We start with an appreciation post:
“The ratio of appreciation to vitriol is a bit lopsided, so I came here to say I love this island and I love the folks who inhabit it. Last night, Stupid Bike Night (in my mind, a perfect Vashon event) was held during First Friday so it was packed. Closing the streets for this was genius, and the place was packed with people – all ages – just wandering, eating, laughing, it was fucking lovely.”
They tell a story about people not stealing their phone, then add “Sure some folks drive too fast or too slow. Sure some people decide to do dumb shit that pisses you off. Have you met people? They can be assholes. But the vast majority of time, we have chosen a spot, protected by a moat and a whimsically operated ferry system(is that a step too far into pollyannaville?). ”
Surprisingly, everyone in the comments agrees, and no one gets mad or offended.
One commenter asks, “how’s your hangover?”
To which the poster responds, “there are no hangovers in paradise my brother.”
Mostly, we love the characterization of the ferries. One person says, “WSF – Whimsical State Ferries. That’ll help me next time I’m waiting in line. Thanks”
Another islander says, “Yeah I like it here too and I grew up in Hawaii so it must be pretty good. I like the locals in Hawaii a lot more tho. ”
Wait, what’s with the heart emoji? That was some serious shade just thrown our way.
But let’s get back to what the post started with: Stupid Bike Night. So this year my family decided we’d participate. I’ve said before that the ride is ill-named, on account that the bikes are pretty smart. However, my family put the stupid in Stupid Bikes. We knew we wanted to participate, but it wasn’t until Thursday that my youngest daughter and I got a chance to decorate our bikes. We didn’t have any theme in mind, or special materials for that matter, so the theme ended up being, ‘whatever stuff we can find around the house.’ I brought up my ribbon box, which is a shoebox full of gift ribbons that I got at an estate sale and have to keep hidden or my kids will steal the scissors and tape from the box and tangle all my ribbons.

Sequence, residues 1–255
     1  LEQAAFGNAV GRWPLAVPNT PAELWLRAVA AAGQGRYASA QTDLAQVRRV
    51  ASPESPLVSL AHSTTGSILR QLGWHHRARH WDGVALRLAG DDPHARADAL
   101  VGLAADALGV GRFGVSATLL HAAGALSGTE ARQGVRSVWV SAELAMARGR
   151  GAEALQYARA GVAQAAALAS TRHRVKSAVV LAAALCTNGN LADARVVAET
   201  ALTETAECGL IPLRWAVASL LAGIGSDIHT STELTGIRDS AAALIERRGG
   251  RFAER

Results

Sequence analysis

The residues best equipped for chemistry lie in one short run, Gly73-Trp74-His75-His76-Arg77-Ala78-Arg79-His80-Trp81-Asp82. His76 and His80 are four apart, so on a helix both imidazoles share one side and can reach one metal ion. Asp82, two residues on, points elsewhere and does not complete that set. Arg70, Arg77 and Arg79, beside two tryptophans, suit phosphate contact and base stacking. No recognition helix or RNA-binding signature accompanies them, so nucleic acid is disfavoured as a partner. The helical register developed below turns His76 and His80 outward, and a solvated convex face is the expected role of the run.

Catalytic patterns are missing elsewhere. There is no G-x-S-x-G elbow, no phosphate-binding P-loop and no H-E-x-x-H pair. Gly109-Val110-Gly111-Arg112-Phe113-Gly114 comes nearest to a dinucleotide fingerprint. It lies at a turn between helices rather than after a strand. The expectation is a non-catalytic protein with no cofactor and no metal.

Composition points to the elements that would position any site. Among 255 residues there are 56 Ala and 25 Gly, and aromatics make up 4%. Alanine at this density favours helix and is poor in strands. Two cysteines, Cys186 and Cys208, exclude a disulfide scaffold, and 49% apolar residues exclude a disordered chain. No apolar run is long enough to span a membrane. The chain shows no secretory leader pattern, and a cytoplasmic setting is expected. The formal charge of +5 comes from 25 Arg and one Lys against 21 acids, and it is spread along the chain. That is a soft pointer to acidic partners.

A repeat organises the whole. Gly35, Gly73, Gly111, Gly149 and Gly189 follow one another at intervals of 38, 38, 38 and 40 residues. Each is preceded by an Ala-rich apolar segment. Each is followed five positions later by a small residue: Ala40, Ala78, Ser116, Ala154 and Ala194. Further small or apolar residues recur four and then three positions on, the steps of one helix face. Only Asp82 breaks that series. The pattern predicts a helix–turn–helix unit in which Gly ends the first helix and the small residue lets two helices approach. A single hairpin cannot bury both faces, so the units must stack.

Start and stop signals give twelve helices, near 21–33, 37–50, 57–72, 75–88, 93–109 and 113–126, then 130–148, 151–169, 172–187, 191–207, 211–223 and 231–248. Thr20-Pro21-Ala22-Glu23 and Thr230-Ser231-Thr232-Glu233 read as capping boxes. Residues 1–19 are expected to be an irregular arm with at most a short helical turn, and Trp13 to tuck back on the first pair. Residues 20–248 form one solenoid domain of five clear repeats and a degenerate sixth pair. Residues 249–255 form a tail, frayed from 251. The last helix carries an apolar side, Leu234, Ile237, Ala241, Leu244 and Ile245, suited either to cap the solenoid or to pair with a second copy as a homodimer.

My daughter wrapped ribbons and string around her bike, which I then had to unwrap and ask her not to wrap the pedals, just the frame. Then she taped on some newspapers, because what could be stupider than the news, am I right?
I found some orange diaphanous curtains in the basement, which I wrapped around my bike. It still looked sad, so I borrowed a stick from Waffles and added that to the back of my bike, and wrapped it in more orange cloth. (I later learned this made it hard to get on the bike.) I then added ribbon and some battery-powered Christmas lights. However, while wrapping up my bike, I think I had the wheel turned the wrong way because as I rode, the handlebars kept slipping around, making it hard to reach my brakes. That was definitely the stupidest aspect of my bike, and possibly more dangerous than the propane-powered bikes that shot fire or the ten foot tall stripper pole bike.
My husband was planning on wearing his inflatable dinosaur costume, but on Friday morning we stopped at the estate sale and bought a bike trailer, which inspired him to do something even more creative than riding a bike while dressed as a T-rex.
He got a giant inflatable rainbow, and stuck one end in the trailer. His plan was to wear the other end on his back like a backpack, but the rainbow was too big, and it refused to be contained in such a small space. Ultimately he had to attach it to the front of his bike and forge a hole between the yellow and orange bands to stick his head out occasionally.
And speaking of weird, warped, and possibly inflatable and flammable stuff, we have a specialty sale of old Halloween props. The post reads in part, “We used to put on a haunted house here on Vashon Halloween night.
We had live actors, animated characters, and static props. Over a dozen different themes and soundtracks. Multiple fog machines and lighting systems to go with each theme.” They include many images, of which I’ve chosen the tamest and least terrifying.